China’s first home-built aircraft carrier is set to begin its maiden sea trial, demonstrating the growing naval capabilities of a country which is inching closer to its ambitions of building “a mighty people’s navy”.
The 315-metre vessel, known as Type 001A, left the outfitting berth in Dalian in China’s north-eastern Liaoning province on Monday morning with the assistance of tugboats, according to local media.
Three areas in the north-eastern Bohai and Yellow Sea have been cordoned off for military activities from April 20 to 28, according to South China Morning Post, citing a recent announcement from the Liaoning Maritime Safety Administration.
The trial period roughly coincides with the People’s Liberation Army Navy’s 69th anniversary on April 23.
Beijing has been eager to independently build its own carriers and according to state media, the steel and all equipment on board Type 001A were all made in China, marking a first for the country.
‘Symbols of China’s growing ambitions’
Chinese President Xi Jinping, on a trip to observe naval exercises in the South China Sea, said: “The mission of building a mighty people’s navy has never been more urgent than it is today”.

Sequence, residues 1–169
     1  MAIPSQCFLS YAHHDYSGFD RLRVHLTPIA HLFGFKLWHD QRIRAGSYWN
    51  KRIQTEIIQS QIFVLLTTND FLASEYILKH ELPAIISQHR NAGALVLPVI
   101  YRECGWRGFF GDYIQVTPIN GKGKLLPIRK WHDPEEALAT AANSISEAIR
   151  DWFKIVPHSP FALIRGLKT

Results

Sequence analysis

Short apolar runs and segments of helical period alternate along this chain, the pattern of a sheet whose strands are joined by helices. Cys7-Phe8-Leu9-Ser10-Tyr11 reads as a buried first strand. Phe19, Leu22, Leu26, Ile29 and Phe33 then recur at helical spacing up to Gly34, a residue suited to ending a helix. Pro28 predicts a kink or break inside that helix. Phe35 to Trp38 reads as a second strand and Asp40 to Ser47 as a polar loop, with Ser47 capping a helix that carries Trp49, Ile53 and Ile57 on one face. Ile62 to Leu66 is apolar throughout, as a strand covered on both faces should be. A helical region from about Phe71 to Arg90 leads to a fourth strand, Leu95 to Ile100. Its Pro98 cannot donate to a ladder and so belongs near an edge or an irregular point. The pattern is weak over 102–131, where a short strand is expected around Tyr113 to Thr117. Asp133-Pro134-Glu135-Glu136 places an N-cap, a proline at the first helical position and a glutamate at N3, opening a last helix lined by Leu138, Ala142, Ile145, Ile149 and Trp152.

The carrier will join China’s only carrier, the Liaoning, which was renovated from a Soviet-era vessel bought from Ukraine in 1998.
“Chinese aircraft carriers are symbols of China’s growing ambitions and craving for international recognition as a great power,” said Bonnie Glaser, senior adviser for Asia at the Centre for Strategic and International Studies (CSIS).
China’s naval ambitions don’t stop there. The country is reportedly already working in Shanghai on its third carrier, and is estimated to ultimately build between six and 10 carriers.
The Type 001A relies on ski jump-style launch systems instead of the steam catapults used by the United States, and will feature more advanced technology than the Liaoning.
“China has studied Liaoning from inside out,” Jin Hao, military commentator with Chinese media Ifeng, told the ABC.
While this new carrier was … modelled on Liaoning, it has made improvements in the weapon system, control tower and internal space.”
Malcolm Davis, senior analyst on defence strategy and capability with the Australian Strategic Policy Institute, believes the development of a PLAN [People’s Liberation Army Navy] carrier capability would enable China to project power throughout East Asia and “ultimately along China’s 21st Century Maritime Silk Road, through the South China Sea and into the Indian Ocean”.
He said if the US Navy chose not to contest any presence, the carriers would give China absolute dominance in the South China Sea.
Dr Davis also pointed out that the growing Chinese naval power was reinforcing US, Japan, Australia and other states’ cooperation and strengthening counter-balancing alliances.
“The aim is not to contain China,” Dr Davis said.
“The aim is to deter and dissuade China from challenging critical interests of the US and its allies in Asia, and from overturning the established rules-based international order.”